When portrayed in the media, divorce is often seen as a nasty battle, with the spouses yelling, screaming, and hurling insults at each other. There may even be physical abuse involved. While this can happen, this is not the norm. There are situations in which a couple may battle it out in court, but far more often, divorces are settled before then. More than 90% of divorces are settled outside of court. This means that just one in 10 divorces go all the way to court.
When Might a Divorce Go to Court?
There are several situations in which a divorce case might have to be settled before a judge. One example is when there is a child custody battle. While minor disagreements can often be resolved through mediation or arbitration, if the parents are not even on the same wavelength, then the case will likely have to go to court. This is often the case when one parent is trying to deny the other parent any sort of custody or visitation. If both parents want primary custody of the child, and neither is willing is budge, then this can lead to a court battle, as well.
Financial issues can also make a divorce go to court. Florida is an equitable distribution state, which means assets are split fairly based on one’s contributions to the marriage. This means that a spouse who earned more may wish to receive a higher percentage of the marital estate. The other spouse may disagree, however, so it is not uncommon for the spouses to take their case to court and ask a judge and jury to decide how assets should be divided.
A spouse with high expectations in a divorce may be disappointed that he or she is not getting their way. They may refuse to compromise on any issue and with this attitude, mediation and arbitration would simply be a waste of time and money. The case would be taken to court, where a judge will make the final decision.
It is preferable that a divorce goes to court in some cases. For example, if there is abuse involved or one of the spouses has a substance abuse issue, then trying to handle the case outside of court may not be the best choice. Let a judge decide based on these issues.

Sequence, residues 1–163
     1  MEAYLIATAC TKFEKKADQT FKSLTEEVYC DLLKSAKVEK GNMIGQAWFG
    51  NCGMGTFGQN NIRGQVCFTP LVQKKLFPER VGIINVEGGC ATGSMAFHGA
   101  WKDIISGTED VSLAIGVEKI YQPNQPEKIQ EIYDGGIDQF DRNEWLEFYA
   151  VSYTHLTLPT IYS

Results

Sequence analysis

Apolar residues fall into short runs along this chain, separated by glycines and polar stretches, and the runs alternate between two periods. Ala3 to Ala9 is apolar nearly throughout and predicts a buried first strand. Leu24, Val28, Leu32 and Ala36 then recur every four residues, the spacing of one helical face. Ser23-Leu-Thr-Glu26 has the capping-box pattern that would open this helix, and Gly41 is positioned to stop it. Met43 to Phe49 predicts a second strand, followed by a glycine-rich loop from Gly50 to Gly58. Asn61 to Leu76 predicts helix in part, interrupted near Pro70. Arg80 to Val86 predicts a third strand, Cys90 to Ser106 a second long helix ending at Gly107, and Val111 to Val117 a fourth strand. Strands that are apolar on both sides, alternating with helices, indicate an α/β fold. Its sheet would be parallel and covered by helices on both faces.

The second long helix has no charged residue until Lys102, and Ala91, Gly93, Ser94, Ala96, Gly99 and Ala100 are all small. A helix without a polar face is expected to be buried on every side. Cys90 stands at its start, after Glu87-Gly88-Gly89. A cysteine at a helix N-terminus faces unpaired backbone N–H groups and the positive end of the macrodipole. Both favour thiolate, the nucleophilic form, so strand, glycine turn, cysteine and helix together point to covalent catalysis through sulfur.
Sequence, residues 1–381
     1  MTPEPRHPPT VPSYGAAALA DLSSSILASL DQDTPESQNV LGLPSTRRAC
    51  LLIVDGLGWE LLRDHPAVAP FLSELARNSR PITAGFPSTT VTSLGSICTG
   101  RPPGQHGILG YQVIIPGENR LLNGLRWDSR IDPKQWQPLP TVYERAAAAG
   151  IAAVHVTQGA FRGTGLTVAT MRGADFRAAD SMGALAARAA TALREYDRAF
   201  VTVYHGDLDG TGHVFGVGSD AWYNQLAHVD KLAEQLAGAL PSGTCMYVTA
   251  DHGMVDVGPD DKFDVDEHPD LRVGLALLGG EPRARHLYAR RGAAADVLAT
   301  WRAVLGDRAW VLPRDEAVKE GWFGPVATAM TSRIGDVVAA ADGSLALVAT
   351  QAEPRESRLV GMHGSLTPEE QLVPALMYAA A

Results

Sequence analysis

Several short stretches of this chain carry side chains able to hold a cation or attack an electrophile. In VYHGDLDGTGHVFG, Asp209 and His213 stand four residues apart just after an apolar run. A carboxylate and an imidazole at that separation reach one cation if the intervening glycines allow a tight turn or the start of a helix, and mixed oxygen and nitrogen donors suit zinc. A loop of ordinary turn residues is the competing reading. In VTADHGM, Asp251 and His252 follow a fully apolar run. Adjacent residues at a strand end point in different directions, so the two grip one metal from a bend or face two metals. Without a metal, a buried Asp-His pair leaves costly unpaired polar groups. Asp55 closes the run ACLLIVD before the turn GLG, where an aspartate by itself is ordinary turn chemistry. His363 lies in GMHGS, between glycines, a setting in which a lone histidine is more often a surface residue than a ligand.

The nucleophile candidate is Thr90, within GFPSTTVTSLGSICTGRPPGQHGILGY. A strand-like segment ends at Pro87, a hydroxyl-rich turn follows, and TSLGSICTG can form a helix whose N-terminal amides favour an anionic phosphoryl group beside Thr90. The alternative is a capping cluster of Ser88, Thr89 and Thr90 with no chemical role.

Alternatives to Trial
The good news is that not all divorce cases have to go to court. There are alternatives to trial. The most common ones are mediation and arbitration.
Mediation is the most common way to resolve differences in a divorce. With mediation, a person can have a mediator assist with resolving all the issues in the divorce, including property division and child custody. Mediation often take six to 10 sessions and costs around $5,000.
Mediation involves a neutral party who helps you work out your issues with your ex-spouse. The mediator cannot make decisions for you or tell you what to do, but he or she can answer any questions you have so you can make the right choices. The mediator will also move things along should you and your ex have communication issues or come across roadblocks.
There are six stages of mediation:
- Stage 1: The mediator makes an opening statement. He or she introduces everyone, explains the rules, and encourages each side to work toward a settlement.
- Stage 2: Each party makes an opening statement about the dispute and how the parties can go about resolving it.
- Stage 3: The parties discuss the dispute together.
- Stage 4: Private caucuses occur. These are private meetings for each party to meet with the mediator to discuss the case and propose new settlement options.
- Stage 5: After the caucuses, joint negotiations will occur.
- Stage 6: Mediation ends. If the parties came to an agreement, it will be put in writing. If no agreement was reached, the parties may decide to meet again later, consider arbitration, or go to court.
Many people prefer mediation because it is fast and inexpensive compared to other options. It results in less stress and drama for all involved. It is an especially effective option for those who have children.
Arbitration is another form of alternative dispute resolution. While arbitration is used for many types of legal cases, it is still new for divorces. Arbitration is different from mediation. In fact, it resembles a trial. Like a court case, you would provide documentation and witnesses. An arbitrator would then rule on your case.
Arbitration is like a trial, but the rules are a bit more loose. You and your spouse can decide whom to use as your arbitrator. The case can be heard in a comfortable setting (like an office) rather than a courtroom. The process is also much quicker than a trial, which can take months or even years. With arbitration, you set the times when you can meet.
The arbitrator will hear each side and make a decision. This decision is final. Unlike a trial, there is no appeal process, so you will have to accept the decision. This is why many people prefer mediation, since they have more control over the outcome.
Seek Legal Help
A divorce does not have to culminate in a nasty court battle. You and your spouse can resolve your differences amicably so you can move on with your lives with little stress.
If you are looking to end your marriage without drama, Palm Beach divorce attorney Scott J. Stadler can help you understand what options are available. Mediation and arbitration may be right for your situation. To learn more, call (954) 346-6464 today.